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May 2011 editorial

New classical K2HD albums from JVC Music

Author: Lucio Cadeddu - TNT Italy

[JVC K2HD new CDs]
24 bit/100 kHz on a CD? Really?

Well, almost two years ago we published an article announcing Linn decision to stop CD players production. The old (not so good?) CD format seemed and still seems to be doomed to an end. Actually, CD prices are going down quickly and it is not hard to find 3-4 years old CDs for less than 10 € each (sometimes even below 5 €!).
Perhaps they were overpriced at 25-30 €, perhaps people are starting to buy less CDs, as the official RIAA sales figures seem to prove, certainly it seems there's no room for expensive CDs. Or maybe not? Read on.
Despite of this sad scenario, JVC Music/Victor Entertainment have decided to boost their K2HD CD production, announcing that 10 new classical titles will be released by July, 10. But...what's K2HD after all? Just another high-resolution format?

Well, forget JVC XRCD, this is a different story, though K2HD-based XRCD's were made.
Introduced in 2008, K2HD process consists mainly in a more accurate mastering technique: master .wav files are encoded in 24 bit - 100 kHz digital format, then they are converted into 16 bit - 44 kHz resolution so to be recorded onto any Red Book standard compact disk. But there's more: JVC's new K2HD discs will be manufactured using an exclusive Memory Tech HQCD technology, a high-precision, low-tolerance manufacturing process. HQCD makes use of a high-quality polycarbonate disc substrate material, the same used in LCD panels, plus a reflective film with excellent heat resistance and durability, if compared to the conventional aluminum alloy used in normal Audio CDs. Yes, even CD coating has been improved: generally CDs use ordinary aluminium alloy, while HQCDs use silver alloy, which has several times higher than normal CDs reflectivity.

[JVC K2HD new CDs]
JVC K2HD technology

This should give us more durable CDs and fairly accurate master files. Unfortunately the 24 bit/100 kHz resolution will be reduced to 16bit/44 kHz so the benefits of high resolution will get lost. It is like taking a shot with a high resolution digital camera, exporting it as a raw file and then compressing it into a .jpg.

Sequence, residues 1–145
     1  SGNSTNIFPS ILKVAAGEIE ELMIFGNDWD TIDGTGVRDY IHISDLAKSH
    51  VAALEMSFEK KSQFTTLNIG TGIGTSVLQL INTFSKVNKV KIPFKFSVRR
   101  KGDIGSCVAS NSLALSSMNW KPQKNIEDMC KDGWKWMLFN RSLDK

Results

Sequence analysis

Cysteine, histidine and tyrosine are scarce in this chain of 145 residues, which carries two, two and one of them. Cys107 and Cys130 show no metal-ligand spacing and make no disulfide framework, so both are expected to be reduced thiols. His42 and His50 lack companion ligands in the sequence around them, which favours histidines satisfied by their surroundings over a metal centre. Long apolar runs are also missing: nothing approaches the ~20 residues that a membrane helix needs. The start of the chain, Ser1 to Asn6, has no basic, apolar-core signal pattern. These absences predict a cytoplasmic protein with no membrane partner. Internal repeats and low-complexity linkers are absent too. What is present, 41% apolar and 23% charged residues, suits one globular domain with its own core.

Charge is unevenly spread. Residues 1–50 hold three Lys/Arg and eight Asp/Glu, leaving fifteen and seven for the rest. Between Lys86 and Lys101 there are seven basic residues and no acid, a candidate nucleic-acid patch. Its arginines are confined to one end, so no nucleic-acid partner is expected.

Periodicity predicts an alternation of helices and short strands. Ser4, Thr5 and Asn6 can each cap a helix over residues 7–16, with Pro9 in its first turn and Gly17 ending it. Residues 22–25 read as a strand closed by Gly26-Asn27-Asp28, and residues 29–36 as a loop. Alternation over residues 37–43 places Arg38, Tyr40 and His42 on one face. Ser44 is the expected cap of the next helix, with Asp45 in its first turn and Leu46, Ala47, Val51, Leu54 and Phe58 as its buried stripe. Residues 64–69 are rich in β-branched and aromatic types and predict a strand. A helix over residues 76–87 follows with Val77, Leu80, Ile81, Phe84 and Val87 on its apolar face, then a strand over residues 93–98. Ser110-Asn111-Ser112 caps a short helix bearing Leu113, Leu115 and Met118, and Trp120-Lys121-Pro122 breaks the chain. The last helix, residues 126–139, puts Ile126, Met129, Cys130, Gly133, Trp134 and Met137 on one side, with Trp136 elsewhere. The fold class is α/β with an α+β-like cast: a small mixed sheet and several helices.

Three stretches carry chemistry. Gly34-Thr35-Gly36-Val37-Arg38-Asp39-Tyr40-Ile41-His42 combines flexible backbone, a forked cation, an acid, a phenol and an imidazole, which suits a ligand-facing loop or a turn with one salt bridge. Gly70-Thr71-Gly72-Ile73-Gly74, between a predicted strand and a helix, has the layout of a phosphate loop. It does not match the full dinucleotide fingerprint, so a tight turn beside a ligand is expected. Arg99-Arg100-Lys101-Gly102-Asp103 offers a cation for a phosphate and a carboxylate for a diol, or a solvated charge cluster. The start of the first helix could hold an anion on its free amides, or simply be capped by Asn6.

We hope that the more sophisticated CD production and pressing techniques will give us CDs which are easier to read and, hence, that should sound better than conventional CDs.

Honestly, though JVC Music/Victor Entertainment are to be highly praised for their attempt to pump new, fresh blood into the CD format old veins, we don't believe this will save this digital format from its near end.
We, as customers, should be warned about attractive logos and exciting, new technology claims. K2HD CDs are just Red Book CDs you can play on standard CD players. Because of the accurate mastering and pressing process prices of these new K2HD classical titles are expected to range from 2800 and 3500 Japanese Yen, that is to say between 24.50 and 31 €.

The main question hence becomes: do we really need standard Red Book CDs to be so damn expensive? With standard production CDs prices going down rapidly we believe these K2HD titles are aimed at a niche of a niche...of a niche! We don't believe there's still room for this kind of commercial operations. In case we're wrong, why limit new releases to classical Music only? Why not...rock (me babe)? :-)

In case video embedding doesn't work, search for B.B King's "Rock me babe" on YouTube (link points drectly to the video above).

© Copyright 2011 Lucio Cadeddu - direttore@tnt-audio.com - www.tnt-audio.com

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